This is about driving and setting up a car for the Original GP2 Hungaroring.
Your reply is quite instersting to me as it shows how versatile, adaptable GP2 could, which seems more amazing today as it is a 25 year-old game. My experience in Original Hungaroring seems the opposite of yours. Turns 1 and 2 and the penultimate and last turns were those were I could go faster relatively to the CC-cars.rremedio wrote: ↑16.12.2020, 03:47Thanks! Yeah I think it was worth it too.ismael wrote: ↑16.12.2020, 01:59I had already tried the Hungaroring 2003 version and, ofc, this one matches what you indicated in the txt. I know you don't like it very much but it was worth it. I'm more than fine with current graphics.
I could never cope with the Original GP2 Hungaroring. I could lower the ride heights, but the understeer in the chicanes was always awful, and the kerbs horribly high. I could just aim for 3rd place as Williams nº 2 and hope for the better. Once again, and regardless of the layout change after 2003, it's amazing how much more realistic your tracks are compared with the original ones - and, in this particular case, a different and more realistic challenge. At least to me.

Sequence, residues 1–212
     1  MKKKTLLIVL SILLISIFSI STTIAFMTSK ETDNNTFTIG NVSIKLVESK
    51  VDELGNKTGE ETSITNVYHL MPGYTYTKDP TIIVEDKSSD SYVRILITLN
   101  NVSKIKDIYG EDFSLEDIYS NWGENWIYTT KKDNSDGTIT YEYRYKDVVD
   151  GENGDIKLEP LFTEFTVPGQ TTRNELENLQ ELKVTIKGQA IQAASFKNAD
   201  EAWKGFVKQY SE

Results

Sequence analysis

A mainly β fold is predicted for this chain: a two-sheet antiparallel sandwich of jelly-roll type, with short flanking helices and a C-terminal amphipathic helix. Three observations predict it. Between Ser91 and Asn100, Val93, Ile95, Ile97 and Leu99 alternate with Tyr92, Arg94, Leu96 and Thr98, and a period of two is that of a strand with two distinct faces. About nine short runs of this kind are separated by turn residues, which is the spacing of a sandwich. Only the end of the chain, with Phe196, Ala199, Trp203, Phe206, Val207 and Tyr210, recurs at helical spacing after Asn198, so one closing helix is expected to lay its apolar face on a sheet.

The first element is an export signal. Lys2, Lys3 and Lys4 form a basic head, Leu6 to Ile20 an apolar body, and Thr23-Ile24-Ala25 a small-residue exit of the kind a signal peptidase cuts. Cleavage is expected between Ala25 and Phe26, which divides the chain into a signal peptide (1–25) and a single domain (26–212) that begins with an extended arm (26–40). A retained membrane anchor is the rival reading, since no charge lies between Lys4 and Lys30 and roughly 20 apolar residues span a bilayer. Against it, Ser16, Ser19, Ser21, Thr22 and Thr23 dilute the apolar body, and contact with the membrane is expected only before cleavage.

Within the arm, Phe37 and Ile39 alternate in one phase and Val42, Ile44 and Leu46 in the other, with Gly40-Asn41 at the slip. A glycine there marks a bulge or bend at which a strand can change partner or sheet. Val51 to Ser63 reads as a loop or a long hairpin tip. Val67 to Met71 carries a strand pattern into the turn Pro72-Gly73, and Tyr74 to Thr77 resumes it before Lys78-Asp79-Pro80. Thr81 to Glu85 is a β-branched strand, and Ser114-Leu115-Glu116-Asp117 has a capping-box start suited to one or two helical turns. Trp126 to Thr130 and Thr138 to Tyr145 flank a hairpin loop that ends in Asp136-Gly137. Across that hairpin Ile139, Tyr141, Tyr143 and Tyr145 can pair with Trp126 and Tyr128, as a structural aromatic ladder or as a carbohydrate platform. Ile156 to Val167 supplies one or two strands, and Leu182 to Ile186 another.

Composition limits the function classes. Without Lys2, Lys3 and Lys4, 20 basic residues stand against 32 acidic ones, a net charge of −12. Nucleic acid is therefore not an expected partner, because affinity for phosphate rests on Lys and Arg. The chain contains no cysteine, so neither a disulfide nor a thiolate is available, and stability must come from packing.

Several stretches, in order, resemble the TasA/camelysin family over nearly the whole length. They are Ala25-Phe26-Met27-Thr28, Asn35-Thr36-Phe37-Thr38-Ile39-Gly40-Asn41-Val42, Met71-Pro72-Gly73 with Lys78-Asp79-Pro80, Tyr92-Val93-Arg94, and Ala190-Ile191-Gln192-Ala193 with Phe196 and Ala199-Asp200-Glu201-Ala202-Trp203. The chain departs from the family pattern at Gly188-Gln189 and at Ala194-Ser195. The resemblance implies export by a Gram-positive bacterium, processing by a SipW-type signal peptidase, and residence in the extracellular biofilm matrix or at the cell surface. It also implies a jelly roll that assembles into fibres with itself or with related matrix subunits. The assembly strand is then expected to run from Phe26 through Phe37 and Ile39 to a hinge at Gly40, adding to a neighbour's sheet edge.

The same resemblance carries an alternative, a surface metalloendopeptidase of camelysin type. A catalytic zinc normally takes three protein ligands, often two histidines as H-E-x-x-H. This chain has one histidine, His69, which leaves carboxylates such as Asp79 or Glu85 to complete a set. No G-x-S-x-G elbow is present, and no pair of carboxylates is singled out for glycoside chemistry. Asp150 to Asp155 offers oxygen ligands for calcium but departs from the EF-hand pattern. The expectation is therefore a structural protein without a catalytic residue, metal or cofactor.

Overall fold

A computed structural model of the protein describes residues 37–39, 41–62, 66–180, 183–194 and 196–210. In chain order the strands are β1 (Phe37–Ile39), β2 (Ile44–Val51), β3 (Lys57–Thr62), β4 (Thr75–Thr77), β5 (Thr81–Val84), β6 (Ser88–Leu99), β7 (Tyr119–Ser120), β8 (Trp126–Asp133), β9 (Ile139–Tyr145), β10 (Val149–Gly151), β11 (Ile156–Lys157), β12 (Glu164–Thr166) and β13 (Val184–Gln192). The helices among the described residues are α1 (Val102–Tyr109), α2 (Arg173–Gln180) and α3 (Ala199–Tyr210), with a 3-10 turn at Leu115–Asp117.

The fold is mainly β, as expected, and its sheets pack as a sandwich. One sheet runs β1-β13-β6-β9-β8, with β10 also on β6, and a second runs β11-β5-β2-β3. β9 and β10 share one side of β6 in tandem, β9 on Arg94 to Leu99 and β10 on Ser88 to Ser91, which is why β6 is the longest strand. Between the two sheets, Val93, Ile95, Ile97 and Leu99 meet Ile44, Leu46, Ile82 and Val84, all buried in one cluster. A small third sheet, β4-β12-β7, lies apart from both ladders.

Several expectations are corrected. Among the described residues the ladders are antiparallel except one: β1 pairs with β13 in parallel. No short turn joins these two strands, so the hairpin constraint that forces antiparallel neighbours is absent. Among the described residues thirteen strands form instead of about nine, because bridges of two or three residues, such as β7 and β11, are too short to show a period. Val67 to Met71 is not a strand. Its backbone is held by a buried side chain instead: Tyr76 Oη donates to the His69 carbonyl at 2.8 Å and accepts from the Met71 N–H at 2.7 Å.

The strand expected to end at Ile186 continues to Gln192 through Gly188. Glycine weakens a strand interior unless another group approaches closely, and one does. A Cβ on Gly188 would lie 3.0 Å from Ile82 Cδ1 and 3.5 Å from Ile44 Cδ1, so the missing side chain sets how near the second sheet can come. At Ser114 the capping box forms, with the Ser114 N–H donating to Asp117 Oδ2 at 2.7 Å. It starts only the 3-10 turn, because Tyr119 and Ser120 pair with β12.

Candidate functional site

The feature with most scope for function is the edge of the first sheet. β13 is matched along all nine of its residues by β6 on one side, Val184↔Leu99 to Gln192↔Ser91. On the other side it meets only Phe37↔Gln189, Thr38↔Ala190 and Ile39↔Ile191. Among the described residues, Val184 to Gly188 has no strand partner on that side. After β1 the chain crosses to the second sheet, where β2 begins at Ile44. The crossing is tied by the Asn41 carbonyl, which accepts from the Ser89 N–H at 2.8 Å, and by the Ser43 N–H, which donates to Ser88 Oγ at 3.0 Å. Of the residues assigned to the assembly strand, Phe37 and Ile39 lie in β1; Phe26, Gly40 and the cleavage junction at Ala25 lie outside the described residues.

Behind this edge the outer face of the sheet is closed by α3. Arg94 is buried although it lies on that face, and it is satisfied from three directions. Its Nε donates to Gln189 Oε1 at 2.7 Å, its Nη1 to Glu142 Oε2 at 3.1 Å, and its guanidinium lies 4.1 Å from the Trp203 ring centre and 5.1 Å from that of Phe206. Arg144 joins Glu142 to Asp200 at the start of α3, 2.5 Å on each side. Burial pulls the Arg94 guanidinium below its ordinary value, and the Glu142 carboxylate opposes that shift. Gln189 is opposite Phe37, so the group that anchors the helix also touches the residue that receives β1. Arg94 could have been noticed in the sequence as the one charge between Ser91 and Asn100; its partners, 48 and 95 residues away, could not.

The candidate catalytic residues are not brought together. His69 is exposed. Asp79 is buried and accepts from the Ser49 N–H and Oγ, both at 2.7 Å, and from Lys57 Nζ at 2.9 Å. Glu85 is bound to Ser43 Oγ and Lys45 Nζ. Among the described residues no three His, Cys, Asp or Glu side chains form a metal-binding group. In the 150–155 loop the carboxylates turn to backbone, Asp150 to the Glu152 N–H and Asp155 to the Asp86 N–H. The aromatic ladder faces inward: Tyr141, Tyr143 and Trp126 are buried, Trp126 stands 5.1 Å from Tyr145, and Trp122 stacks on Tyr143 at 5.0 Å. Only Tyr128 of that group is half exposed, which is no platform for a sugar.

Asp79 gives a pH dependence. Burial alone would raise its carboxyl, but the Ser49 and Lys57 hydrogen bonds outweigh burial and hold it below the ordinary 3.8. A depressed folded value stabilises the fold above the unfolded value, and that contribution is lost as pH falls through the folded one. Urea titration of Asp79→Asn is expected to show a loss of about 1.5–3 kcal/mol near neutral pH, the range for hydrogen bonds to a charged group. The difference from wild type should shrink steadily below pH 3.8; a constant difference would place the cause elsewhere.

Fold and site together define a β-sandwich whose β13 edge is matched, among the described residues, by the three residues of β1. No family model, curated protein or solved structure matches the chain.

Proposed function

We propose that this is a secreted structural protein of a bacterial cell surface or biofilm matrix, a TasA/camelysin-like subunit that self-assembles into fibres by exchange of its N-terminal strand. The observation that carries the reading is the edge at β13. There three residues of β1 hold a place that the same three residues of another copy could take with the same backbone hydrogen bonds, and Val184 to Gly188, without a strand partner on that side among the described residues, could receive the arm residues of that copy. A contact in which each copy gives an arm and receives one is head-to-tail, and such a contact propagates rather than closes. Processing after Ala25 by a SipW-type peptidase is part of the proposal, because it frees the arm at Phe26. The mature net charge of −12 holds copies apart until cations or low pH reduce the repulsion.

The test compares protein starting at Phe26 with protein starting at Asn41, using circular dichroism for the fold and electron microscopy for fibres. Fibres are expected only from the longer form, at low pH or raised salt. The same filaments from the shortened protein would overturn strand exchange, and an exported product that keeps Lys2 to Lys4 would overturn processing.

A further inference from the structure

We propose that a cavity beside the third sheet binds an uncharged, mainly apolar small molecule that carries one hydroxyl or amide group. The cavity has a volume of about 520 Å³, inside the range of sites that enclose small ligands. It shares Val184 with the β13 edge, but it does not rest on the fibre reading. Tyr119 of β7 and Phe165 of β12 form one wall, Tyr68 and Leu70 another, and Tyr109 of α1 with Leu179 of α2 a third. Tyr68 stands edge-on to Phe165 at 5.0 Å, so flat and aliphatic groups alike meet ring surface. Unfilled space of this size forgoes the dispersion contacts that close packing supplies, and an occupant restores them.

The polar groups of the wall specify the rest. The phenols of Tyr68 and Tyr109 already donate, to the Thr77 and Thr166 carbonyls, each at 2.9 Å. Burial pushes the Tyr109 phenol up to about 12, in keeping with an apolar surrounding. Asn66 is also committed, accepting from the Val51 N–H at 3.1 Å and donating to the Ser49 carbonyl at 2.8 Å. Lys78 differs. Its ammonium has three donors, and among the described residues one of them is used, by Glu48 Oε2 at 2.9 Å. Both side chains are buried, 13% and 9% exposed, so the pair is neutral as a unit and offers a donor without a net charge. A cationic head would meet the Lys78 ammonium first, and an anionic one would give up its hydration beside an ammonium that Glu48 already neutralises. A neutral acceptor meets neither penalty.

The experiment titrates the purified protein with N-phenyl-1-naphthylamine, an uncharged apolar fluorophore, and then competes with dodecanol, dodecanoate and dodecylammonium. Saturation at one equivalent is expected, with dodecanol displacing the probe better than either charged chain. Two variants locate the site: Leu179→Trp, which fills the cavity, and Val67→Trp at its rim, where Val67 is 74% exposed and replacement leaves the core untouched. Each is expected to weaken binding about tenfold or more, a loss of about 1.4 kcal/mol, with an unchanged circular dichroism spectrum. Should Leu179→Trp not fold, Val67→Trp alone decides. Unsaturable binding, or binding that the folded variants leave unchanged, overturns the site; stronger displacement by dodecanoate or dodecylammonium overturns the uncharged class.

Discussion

If someone could master Hungaroring in the original game, in Ace level, and deal with Schumacher through 77 laps, please share your stories!
I would like Hungaroring much more if not for the 2 first corners and the 2 last ones. In the original GP2 track I remember the suffering of going through those corners with old tyres. I lost many races in there lol
My setups between different tracks were, of course, similar. Later, after finding this forum in 2014-15, I found the "The fine art of racecar setup" by John Wallace, where he says: "The tendency in GP2 is to set the front reasonably stiff (1,200lbs or more) and the back reasonably soft (800lbs or so)." This looked right according to my previous, past experience. But I suppose that RRemedio had quite a different approach to achieve opposite car behavior around the track.